In all this chaos, we now can’t find our baggies of liquids. At least the line in security is also not bad – we keep telling people they can go around us – they didn’t seem too PO’d. We finally find one baggy – we figured we must have left the other one at the house. We proceed. We have to:
- take off shoes
- take out 2 laptops
- take out the CPAP
- take out the DVD player. Yes, we brought it – padded with 4 pounds of clothes :-)
- take out the baggy of liquids
- go back through the beep-beep machine, empty pockets…
Then we get to do the reverse! People *really* love us now, and it’s only gonna get better.

So, we get to our gate, relax, get some juice and a bit of food. Rick starts to look for his pack of important papers, and *CAN’T FIND THEM* - we’ve now used up our quota of panic. We find the USA cell phone and Mom’s cell phone number – call. They pull off the road and look – they find. They are 50 minutes away, and our flight boards in just about that amount of time. So – plan B. We’ll deal with all this later…

Now we get to make more friends – carrying on all that *stuff!* Some anxiety later, we are safely ensconced in our seats, “stuff” stowed. This time we fly through Houston, Texas – never done it before. Houston is *lovely* from the air! Trees all over the place, river and delta gleaming in the sunlight. The airport has *got* to have the longest taxi distance in the world! But our connecting flight is not very far, and there is a food court in between. After a little more anxiety, we again get all our stuff stowed, and away we went!

Got into the San Jose airport with no problem, about 10:00 pm. Went through the resident’s line at immigration and showed our old passports with the residency stamp, our copy of our cedula renewal appointment, and my cedula. Rick’s cedula is in the “pack of important papers,” but all the other documents we had seemed to suffice. We got our entry stamps in our new passports, and we’re off to collect our many suitcases!

What a line! We had no problem finding suitcases, but had to wait for 2 carts for them. Then the line for customs was all the way to the back of the baggage claim area – I stopped looking at the time… The lovely customs lady came down the line collecting our customs papers, we got all our bags through the viewing machine, and rolled on – no one seemed to be checking any bags other than that. So, pretty smooth.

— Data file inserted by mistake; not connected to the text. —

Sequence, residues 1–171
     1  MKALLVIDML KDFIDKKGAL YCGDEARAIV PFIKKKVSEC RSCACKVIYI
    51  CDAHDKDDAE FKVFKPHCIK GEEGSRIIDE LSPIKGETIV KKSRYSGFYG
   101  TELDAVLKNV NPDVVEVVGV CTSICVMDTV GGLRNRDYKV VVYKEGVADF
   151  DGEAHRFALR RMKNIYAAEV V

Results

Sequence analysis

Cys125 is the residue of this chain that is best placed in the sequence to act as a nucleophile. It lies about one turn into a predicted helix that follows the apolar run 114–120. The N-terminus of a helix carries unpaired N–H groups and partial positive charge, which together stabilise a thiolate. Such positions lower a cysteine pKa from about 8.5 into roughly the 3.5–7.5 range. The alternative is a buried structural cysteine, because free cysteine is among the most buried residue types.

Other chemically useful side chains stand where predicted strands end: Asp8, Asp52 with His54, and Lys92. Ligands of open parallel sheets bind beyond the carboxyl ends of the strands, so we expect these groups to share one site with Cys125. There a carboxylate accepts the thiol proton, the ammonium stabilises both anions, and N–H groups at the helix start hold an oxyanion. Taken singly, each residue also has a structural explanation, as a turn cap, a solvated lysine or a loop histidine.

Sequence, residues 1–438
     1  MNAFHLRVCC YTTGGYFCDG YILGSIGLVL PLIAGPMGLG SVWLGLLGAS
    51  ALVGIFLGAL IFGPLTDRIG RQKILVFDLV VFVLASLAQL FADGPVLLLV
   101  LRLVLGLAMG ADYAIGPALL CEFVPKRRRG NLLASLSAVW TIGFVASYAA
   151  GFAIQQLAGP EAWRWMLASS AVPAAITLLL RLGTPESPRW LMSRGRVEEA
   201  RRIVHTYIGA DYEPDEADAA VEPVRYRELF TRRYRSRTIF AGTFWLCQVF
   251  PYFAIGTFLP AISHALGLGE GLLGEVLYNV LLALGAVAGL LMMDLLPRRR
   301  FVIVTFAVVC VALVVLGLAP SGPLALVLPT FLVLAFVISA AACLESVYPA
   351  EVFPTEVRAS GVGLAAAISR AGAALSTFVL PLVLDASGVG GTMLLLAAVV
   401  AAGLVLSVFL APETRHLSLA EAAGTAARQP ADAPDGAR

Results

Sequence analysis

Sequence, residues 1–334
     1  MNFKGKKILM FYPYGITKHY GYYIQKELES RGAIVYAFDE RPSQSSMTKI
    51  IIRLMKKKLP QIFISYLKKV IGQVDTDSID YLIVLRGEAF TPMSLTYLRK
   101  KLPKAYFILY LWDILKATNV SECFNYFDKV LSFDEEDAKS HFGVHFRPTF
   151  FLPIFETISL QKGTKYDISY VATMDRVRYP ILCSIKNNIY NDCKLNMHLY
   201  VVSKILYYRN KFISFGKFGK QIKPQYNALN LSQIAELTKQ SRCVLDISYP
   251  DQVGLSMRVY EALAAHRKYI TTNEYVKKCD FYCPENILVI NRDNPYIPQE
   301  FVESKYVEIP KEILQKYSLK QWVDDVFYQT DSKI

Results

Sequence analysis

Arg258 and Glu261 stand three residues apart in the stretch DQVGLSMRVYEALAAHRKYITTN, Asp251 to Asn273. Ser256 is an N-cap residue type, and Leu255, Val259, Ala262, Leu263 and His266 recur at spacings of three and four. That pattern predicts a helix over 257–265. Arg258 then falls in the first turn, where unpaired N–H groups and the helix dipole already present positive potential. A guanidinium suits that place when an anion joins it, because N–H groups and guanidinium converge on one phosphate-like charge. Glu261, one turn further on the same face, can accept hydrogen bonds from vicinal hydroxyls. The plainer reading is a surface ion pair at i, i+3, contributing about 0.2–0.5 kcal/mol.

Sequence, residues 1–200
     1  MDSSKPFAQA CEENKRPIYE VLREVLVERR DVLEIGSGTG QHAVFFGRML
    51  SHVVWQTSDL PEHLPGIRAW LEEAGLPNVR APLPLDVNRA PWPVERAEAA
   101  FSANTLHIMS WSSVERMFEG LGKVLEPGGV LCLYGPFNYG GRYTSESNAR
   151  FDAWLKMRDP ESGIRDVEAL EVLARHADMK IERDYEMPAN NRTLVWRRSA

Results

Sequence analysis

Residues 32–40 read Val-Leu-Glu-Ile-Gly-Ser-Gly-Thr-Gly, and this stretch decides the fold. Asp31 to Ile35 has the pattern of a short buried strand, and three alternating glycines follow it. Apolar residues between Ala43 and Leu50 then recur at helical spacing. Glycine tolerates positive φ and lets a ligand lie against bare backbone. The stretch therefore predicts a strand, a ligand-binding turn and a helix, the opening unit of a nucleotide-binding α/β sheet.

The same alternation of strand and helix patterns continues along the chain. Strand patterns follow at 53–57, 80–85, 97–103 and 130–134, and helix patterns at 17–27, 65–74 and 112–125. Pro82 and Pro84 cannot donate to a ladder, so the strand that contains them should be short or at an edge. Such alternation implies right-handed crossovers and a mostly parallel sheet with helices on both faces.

We got our taxi to Los Yoses ($30). I had looked into using Interbus – it was advertised as $7 each to San Jose, but we would only be allowed one bag each. (something for others to keep in mind tho – you just need to reserve it 72 hrs ahead). Our taxi driver knew right where the hotel was – thankfully, since I had emailed for directions, but not yet received them (they were in my inbox when I checked it the next day – from the hotel - LOL).

Got checked in, and conked out a bit after midnight (75 degrees)…

On the Move Again!

We’re on the move again! This time, we packed up the house in California, and got it ready to rent out. We have been splitting our time for the past 3 years between California and Costa Rica, but keeping our base in California. Now it’s time to switch the pattern!

Our saga (this time) started a couple of weeks before Thanksgiving – our decision date for leaving or staying a while longer arrived, and it looked like the best thing to do was to go. So *bam!* we had to get crackin’ – we had already made plans to visit with my family for Thanksgiving, so that became our deadline for moving out of the house. We contacted a rental agent and set up the transfer of everything, got a moving van, and packed, packed, packed! Dad and Brother drove down early on “the day” and then we all spent SEVEN (7!) hours loading the van and finishing the packing. We finally got down to only a couple of “I don’t know” boxes (you know, those things that you just don’t know what to do with, so you toss them in a box, tape it up, and deal with it later). We had already had a couple of donation pick-ups earlier in the week, and couldn’t set up a final one (nor a final “large” garbage pick-up). So, we also had to load up quite a bit of stuff that we donated in my family’s town. It’s amazing what 13+ years of nooks and crannies can accumulate!

We finally got loaded, and took a small break before taping up the “final bathroom box” and heading out. This is now Tuesday evening of Thanksgiving week – and peak rush hour. We were a bit apprehensive, but it turned out that there was only an extra hour on the entire trip – a total of 4 hours driving, with the first hour and a half in stop-and-go traffic. I was driving the (26 foot) van, and noticed what could have been either really rough road, or really bad tire. So, I pulled off and checked – Dad was right behind me (yay! I’m not really alone!), and all the tires were good. Now to get back on the freeway – ouch! Can’t go back the way I came off – get directions, run up a curb. what fun…

Safe and sound at my folks’ home – we unload just what we need for the night and conk out. The next morning, we start unloading – a couple of hours to fill the carport and 2 rooms of Mom and Dad’s house with boxes of stuff (weren’t *they* happy!), then a few more unloading at the storage shed. Got the van gassed up and returned (one more check on the list!).

Thanksgiving day, we spent sorting through boxes for re-packing and donating – then took a truck load over to donate, and a few more items to storage. Whew! got the rooms (mostly) cleared in time for the family dinner on Friday. The stress level is going *down!*

Now we have a week to finish our “to do” list :-)